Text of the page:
Now, as the pandemic disruptions wane, many of these families aren’t going back, opting instead to stick with personalized curricula and private instruction. The model, once limited to the very wealthy, is being adopted by families in the upper middle class, according to private-tutor placement companies and their clients.
Many children have endured months of stalled academic progress as a result of the disruptions caused by the pandemic. Last week national fourth-grade reading and math scores revealed the worst decline in decades, one that some educators said could hobble a generation of children.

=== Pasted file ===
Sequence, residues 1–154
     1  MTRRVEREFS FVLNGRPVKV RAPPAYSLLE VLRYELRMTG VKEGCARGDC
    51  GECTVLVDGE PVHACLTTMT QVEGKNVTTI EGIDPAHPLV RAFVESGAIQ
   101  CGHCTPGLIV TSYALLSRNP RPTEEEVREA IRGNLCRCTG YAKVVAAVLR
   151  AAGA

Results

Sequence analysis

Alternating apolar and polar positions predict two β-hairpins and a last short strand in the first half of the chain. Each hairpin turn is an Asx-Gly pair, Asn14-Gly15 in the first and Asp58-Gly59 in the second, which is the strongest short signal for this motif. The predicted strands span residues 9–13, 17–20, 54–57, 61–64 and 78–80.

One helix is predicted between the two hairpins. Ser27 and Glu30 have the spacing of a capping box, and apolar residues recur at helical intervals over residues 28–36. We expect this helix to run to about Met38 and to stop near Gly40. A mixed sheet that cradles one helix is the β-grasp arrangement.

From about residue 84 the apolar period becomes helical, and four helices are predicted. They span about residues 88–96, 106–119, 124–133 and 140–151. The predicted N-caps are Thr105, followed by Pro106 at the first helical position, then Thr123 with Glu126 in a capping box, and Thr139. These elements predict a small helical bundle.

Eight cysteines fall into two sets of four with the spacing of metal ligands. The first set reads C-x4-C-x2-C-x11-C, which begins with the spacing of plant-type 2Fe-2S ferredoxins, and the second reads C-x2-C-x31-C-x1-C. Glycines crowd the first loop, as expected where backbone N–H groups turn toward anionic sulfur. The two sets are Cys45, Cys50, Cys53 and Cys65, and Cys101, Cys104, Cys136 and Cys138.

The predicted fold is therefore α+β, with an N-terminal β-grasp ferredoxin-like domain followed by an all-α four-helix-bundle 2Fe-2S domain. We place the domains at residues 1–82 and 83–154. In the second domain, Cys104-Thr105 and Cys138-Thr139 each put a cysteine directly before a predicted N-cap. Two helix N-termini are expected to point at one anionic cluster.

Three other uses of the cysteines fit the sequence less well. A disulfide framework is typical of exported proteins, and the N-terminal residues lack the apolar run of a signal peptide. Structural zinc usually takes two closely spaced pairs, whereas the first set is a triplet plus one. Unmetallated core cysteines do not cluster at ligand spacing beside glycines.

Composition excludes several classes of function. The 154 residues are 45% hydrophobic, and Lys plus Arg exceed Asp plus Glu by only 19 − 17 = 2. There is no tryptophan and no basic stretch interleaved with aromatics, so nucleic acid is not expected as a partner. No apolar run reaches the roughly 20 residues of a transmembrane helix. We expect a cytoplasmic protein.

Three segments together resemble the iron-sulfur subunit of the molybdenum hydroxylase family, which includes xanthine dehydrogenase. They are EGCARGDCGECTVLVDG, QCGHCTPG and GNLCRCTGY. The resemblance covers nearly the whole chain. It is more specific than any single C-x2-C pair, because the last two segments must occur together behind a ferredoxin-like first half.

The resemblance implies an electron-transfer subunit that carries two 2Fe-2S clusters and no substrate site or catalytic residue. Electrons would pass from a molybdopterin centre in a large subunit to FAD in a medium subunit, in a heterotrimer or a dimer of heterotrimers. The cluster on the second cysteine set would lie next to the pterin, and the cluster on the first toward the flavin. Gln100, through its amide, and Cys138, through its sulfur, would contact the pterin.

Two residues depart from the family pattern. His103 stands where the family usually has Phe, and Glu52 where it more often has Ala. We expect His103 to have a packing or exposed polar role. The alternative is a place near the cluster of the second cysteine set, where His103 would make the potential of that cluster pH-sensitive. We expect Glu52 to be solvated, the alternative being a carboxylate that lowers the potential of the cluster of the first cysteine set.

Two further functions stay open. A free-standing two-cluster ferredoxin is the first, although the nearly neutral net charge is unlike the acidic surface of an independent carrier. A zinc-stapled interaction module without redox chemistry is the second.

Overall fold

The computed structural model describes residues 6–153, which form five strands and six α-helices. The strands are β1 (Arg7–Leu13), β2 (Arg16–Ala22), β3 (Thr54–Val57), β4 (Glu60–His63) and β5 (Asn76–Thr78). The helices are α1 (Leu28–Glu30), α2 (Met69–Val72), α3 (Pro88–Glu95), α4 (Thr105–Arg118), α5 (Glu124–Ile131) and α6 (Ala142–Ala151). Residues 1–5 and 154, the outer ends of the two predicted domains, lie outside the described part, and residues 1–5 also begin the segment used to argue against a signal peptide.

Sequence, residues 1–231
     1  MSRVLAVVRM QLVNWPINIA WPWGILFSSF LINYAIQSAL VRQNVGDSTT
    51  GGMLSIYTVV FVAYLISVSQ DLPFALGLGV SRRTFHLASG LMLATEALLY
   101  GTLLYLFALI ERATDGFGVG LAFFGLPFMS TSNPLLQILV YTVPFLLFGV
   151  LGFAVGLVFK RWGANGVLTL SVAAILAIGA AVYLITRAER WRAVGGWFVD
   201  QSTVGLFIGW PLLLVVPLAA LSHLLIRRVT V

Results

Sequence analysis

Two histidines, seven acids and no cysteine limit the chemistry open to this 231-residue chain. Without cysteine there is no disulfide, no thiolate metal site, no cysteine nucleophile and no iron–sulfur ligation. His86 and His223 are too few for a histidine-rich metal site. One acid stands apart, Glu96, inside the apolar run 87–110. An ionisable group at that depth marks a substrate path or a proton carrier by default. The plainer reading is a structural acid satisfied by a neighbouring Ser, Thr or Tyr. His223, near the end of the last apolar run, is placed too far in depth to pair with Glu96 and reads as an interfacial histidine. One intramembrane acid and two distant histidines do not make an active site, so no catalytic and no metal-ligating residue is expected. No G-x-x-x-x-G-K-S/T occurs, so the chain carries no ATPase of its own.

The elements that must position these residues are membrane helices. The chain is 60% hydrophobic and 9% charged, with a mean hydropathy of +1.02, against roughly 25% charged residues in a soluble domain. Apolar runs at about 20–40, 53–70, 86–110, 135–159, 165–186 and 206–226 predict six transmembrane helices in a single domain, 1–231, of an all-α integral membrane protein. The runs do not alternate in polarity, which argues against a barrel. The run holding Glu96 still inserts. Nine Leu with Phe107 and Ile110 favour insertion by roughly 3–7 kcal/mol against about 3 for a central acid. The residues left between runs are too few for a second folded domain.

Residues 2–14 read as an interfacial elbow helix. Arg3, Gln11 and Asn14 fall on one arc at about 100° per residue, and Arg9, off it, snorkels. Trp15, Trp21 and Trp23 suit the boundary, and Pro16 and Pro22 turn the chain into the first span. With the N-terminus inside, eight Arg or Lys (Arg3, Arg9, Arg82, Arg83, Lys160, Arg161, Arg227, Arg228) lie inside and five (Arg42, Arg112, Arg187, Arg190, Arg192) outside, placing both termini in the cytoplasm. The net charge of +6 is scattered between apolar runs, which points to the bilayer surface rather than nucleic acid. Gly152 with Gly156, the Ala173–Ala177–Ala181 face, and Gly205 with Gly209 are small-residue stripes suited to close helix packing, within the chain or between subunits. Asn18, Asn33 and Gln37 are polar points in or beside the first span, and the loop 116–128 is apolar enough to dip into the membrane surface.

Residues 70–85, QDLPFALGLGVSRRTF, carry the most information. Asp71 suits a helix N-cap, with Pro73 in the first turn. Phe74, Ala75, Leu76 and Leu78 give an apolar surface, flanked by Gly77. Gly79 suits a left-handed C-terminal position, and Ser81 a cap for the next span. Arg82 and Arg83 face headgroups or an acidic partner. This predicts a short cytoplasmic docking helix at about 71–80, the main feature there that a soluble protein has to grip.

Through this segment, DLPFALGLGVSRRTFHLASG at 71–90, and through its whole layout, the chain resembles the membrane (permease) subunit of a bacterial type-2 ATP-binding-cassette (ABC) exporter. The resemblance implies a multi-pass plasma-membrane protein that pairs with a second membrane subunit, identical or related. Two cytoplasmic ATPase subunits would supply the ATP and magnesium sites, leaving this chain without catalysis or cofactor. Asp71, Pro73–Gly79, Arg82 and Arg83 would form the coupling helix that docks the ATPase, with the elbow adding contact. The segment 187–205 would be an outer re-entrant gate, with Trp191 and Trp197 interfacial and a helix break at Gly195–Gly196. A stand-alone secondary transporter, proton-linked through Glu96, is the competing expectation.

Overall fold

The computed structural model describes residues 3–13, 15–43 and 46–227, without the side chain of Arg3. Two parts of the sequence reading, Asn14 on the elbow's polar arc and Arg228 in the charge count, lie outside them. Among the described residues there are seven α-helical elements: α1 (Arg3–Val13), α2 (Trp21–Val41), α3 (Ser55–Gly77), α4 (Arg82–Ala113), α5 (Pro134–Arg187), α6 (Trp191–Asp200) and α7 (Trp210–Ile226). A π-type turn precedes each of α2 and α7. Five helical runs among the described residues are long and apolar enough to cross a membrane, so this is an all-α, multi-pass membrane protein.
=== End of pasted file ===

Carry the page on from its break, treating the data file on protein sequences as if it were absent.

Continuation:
That stalled progress, combined with teacher shortages, school-board political divisions and classroom disruptions, has for many fueled a flight out of K-12 schools to home schooling and private schools.
Adam Caller, who founded Tutors International in Oxford, England, 23 years ago, said too few schools impart the skills necessary to succeed in a rapidly evolving society, and his clients want a more forward thinking approach to prepare their children to be leaders.